This is part one of Data Center Fundamentals, datacenterHawk’s guide to getting up to speed on the data center market. If you’re a new participant in the industry, then this is for you. Instead of analyzing deep market trends, we’ll be covering the basics one step at a time. Be sure to subscribe to our monthly update to know when we release future topics.
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What is a data center?
A data center is a space or building designed to house the servers that keep a company’s technology running. This can range from a small closet with a handful of servers in an office to entire buildings dedicated to housing thousands of servers.
All companies utilize data center infrastructure. Anything happening online runs through a data center - whether it be credit card transactions, sending emails, posting to social media, streaming sports, or storing medical information. Even the cloud is located in data center facilities across the world.
Our world today relies on this IT infrastructure more than ever and the need is continuing to increase. According to Infiniti Research, the global data center market is anticipated to grow by over $270 billion between 2020-2024.
Why are data centers critical to our life?
Given the wide range of companies a data center can support, these facilities need to be more than just a building with servers inside.
If a data center has downtime or an outage, then the technology it supports could stop working. If you lose a photo because it couldn’t back up to the cloud, it might not be a big deal. But if you lose the medical records of 10,000 patients or can’t relay an emergency message then those outages could cost lives.
From a company perspective, an outage is no small cost. The average cost of a data center outage in 2015 was more than $700,000. That equates to more than $9,000 per minute of down time not to mention the hit a company would take from a brand equity or customer trust perspective.
What are the important aspects of a data center?
Given the critical nature of data centers a company’s operations, data center operators have invested heaviliy to ensure to ensure their facilities stay online. There are several aspects that go into keeping a data center online.
1. Safe from natural disasters
A data center’s location is important. Every region comes with its own hazards and data centers are designed to mitigate the risks associated within that region. Most are built to withstand winds of 125+ mph, high scale earthquakes, and are located outside of flood plains.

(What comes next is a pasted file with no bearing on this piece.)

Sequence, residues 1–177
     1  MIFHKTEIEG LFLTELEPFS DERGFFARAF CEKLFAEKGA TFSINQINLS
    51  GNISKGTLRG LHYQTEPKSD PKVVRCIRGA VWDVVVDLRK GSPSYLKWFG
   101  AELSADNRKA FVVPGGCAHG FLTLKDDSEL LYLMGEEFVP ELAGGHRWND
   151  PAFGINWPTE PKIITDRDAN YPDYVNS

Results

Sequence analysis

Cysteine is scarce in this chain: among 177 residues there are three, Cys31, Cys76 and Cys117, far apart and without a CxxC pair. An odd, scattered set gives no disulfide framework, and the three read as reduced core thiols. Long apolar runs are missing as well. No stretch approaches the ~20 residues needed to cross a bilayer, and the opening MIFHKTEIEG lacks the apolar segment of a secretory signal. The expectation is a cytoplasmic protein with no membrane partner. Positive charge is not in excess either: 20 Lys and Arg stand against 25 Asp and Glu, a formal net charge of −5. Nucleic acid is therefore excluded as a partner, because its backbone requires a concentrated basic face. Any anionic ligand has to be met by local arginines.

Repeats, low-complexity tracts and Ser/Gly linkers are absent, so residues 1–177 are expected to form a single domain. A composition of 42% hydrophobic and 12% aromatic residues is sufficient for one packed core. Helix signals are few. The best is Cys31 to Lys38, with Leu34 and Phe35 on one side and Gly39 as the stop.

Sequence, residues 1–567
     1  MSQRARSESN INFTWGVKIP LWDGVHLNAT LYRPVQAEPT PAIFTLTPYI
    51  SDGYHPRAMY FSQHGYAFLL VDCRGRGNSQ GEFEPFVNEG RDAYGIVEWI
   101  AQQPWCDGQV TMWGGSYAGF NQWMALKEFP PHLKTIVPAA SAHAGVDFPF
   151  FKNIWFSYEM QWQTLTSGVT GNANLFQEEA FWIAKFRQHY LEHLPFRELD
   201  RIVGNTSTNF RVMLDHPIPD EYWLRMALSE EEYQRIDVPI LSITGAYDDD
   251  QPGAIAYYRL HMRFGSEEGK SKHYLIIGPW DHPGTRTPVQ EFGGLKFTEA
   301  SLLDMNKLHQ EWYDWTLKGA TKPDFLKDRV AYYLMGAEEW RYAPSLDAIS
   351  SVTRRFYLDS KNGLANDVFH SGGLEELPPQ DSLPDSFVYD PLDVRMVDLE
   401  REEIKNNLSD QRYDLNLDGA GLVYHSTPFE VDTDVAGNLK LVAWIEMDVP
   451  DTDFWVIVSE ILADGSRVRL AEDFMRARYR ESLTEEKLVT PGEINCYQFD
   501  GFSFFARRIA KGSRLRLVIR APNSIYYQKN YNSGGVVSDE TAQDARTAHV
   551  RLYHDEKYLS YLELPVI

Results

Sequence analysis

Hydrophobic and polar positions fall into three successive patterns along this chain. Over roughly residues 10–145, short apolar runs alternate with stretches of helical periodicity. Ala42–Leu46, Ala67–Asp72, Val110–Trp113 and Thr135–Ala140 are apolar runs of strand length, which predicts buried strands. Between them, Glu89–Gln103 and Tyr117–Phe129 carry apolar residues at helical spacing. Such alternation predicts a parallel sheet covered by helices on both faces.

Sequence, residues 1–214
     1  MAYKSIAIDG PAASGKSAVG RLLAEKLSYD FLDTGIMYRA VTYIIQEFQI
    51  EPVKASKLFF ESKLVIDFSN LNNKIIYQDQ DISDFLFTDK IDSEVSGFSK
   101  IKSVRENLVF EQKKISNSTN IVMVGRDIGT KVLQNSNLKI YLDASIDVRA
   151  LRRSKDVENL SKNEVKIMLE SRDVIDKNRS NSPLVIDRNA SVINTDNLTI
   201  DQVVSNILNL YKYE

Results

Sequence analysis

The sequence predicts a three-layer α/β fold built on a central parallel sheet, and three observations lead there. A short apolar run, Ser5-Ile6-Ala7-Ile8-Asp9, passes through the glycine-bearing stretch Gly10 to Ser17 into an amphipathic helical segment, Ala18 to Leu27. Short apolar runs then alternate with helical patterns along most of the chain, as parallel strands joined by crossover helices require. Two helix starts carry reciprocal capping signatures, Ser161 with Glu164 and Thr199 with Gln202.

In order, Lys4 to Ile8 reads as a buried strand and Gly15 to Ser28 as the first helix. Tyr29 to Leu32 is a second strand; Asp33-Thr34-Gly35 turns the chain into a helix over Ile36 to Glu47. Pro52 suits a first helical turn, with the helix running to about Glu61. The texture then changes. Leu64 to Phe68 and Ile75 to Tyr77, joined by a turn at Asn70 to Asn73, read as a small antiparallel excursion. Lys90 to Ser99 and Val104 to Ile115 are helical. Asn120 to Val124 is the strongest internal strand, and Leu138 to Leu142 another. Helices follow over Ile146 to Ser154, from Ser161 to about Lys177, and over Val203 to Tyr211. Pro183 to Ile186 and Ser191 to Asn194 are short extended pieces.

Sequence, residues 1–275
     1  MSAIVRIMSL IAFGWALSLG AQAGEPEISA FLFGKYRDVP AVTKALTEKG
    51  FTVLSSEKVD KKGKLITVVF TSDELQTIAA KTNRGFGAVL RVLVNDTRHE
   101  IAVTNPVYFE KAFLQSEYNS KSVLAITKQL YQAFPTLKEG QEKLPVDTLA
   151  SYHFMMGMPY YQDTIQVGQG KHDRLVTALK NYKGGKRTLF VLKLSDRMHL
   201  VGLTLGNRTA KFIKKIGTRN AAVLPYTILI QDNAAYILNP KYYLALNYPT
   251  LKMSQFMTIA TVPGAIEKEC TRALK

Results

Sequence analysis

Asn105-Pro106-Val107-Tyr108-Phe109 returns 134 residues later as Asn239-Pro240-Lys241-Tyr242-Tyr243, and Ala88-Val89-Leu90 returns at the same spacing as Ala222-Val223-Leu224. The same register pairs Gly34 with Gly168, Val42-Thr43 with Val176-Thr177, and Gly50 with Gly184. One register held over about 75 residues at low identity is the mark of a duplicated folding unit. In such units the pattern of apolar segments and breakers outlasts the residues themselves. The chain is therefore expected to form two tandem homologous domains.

2. Highly secure
Planning to reduce risk also means securing a data center from man-made hazards. Most of these facilities are surrounded by high-grade perimeter fencing with controlled gate access. Inside, 24/7 security personnel, man-trap entrances, biometric scanners, card key access and floor to ceiling steel caging all help to ensure a company’s data center environment is well protected.
Data centers consume 3% of our world’s electricity, and the best way to understand a data center’s size is to recognize how much power is being utilized at the site. Data centers can be measured in square footage but are more accurately measured in power. Servers consume power at a relatively consistent rate, meaning the overall power needs of a data center is a more accurate indicator of the size of a facility. A single rack of servers in a data center consumes between 2-10 kilowatts (kW) of power, while the entire data center facility can consume between 5-75 megawatts (MW), depending on the user.
Having systems in place to handle a negative equipment event is critical for data center success. Data centers typically have redundant transformers, uninterruptible power supply (UPS), backup generators, and cooling systems to keep the facility online at a ll times.
A well connected data center includes a high number of fiber providers located at the site, which provides a company flexibility with the fiber providers they want to use for the business operations.. Data centers have low-latency access to the surrounding area, the rest of the county, and even international markets.
6. Cool environments
Servers produce a significant amount of heat. Temperature control is one of the primary limiting factors on how large a data center can be. In theory, power providers can deliver hundreds of megawatts to a data center, but a data center’s size is limited by the amount of power it can cool. It’s standard for a data center’s cooling capacity to range from 2-10 kW per rack, but new technology is now allowing organizations to achieve higher densities with their footprint.
Most industries have strict methods, procedures, and standards around operations. This also applies to how they store their data, meaning a data center must meet that industry’s requirements for a company to use it. Data center compliances focus on a range of subjects, but often involve the security, redundancy, and operational risk of a data center.
Data centers require a high degree of specialization and design, which leads to a higher cost to build and operate a data center. Traditional estimates are as 10 times more expensive than traditional office space.
Data centers require many different components and a high degree of operational expertise. While some companies choose to operate their data center infrastructure themselves, most now outsource their data center needs to a data center colocation or cloud provider. Regardless of the strategy, companies’ data center needs are only projected to increase.
This was part one of Data Center Fundamentals, datacenterHawk’s guide to getting up to speed on the data center market. Be sure to subscribe to our monthly update to know when we release future topics.